Chart EURUSD (Daily)
Not all Dollar-based majors are as stuck in the technical mud as EURUSD. Remarkably, the Brexit-burdened GBPUSD actually leveraged a remarkable bullish breakout of its own this past week – largely the Sterling’s doing. Having broke above 1.3000, the pair cleared trendline resistance that has ushered the market lower since May. With Friday’s leg of the effort, Cable’s 200-day moving average gave way at 1.3070. There is more volatility to be found amongst other majors like NZDUSD, USDCAD and USDCHF; but is that enough to leverage the single currency to a systemic, self-generating trend? That remains to be seen. However, just because EURUSD is treading water, doesn’t mean the Greenback cannot draw motivation to more significant trend if its own major counterparts contribute.
Chart of GBPUSD and 200-Day Moving Average (Daily)
With the other Dollar pairs in mind, we should consider an equally-weighted Dollar index below. This is comprised of the seven most liquid majors and doesn’t deviate too far from the sentiment of restraint that we find in the DXY. However, the proximity to a transition is far more pressing. Trendline support is at hand immediately in this chart. The 200-day moving average isn’t exactly the line in the sand that it would be in an official exchange rate, but its relative tipping point quality should be considered nonetheless. As further pairs reach – and break – their individual Dollar support levels, this broad shift for the Greenback grows more likely.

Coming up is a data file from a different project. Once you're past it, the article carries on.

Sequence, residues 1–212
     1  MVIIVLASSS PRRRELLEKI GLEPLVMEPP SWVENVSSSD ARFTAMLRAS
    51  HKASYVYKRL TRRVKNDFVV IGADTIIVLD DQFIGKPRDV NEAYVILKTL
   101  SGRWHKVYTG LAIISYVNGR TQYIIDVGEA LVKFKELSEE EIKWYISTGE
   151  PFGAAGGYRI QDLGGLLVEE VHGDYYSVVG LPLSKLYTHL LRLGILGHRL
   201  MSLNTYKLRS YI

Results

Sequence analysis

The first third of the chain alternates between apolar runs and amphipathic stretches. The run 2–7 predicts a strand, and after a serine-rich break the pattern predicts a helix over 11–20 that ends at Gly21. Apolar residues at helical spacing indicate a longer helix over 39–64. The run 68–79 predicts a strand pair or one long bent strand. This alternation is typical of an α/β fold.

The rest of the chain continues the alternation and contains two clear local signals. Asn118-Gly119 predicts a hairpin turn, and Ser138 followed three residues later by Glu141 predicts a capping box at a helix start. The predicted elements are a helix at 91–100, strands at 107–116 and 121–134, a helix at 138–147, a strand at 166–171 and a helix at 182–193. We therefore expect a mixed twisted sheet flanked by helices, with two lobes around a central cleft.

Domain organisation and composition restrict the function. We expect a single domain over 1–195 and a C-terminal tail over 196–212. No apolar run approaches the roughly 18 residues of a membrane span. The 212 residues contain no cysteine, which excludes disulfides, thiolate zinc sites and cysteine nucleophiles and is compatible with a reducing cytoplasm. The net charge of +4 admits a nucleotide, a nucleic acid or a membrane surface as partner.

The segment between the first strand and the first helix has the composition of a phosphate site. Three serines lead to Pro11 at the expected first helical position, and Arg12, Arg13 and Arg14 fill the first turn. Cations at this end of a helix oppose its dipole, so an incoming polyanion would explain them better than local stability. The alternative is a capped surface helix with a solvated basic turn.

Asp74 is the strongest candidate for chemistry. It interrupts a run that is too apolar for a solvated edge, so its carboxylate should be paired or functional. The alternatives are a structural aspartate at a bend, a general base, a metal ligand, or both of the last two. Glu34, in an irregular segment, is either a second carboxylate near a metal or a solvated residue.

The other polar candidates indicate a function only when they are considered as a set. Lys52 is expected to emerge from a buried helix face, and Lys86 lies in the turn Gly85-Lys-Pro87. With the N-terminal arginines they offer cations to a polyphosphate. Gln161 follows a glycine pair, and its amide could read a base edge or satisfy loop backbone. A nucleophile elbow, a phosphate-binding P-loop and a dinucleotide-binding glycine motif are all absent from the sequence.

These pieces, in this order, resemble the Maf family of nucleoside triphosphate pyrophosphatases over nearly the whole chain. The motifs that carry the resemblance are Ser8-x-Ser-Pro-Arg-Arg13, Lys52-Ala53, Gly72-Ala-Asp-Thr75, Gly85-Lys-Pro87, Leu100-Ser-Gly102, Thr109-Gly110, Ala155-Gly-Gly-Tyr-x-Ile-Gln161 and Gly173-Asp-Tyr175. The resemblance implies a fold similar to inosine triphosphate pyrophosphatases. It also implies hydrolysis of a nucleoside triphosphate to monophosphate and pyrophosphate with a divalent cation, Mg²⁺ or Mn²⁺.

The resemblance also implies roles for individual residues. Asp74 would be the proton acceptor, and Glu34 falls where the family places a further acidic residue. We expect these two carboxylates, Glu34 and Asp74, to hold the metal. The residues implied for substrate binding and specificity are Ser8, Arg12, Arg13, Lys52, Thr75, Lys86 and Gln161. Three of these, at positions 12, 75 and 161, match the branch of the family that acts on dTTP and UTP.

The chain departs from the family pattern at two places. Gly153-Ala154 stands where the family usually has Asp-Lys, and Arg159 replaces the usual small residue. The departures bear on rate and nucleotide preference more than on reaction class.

Chart of Equally-Weighted Dollar Index and 200-Day Moving Average (Daily)
Since we still don’t have the CFTC’s Commitment of Traders (COT) reporting on speculative futures positioning owing to the government shutdown (which has been temporarily lifted as of Friday), we will look at retail positioning which has a quality of being short-term focused and more volatile. Positioning in the EURUSD exchange rate took a dramatic reversal intraweek from the highest net long position we have seen months to a near-balanced exposure in the span of days. The unwind of a heavy long exposure was the principal motivation for the flip, but there was some speculative short interest that increased as well. Volatility attracts speculative interests, so as activity levels pick up, make sure to keep a close eye on retail positioning on the DailyFX Sentiment page.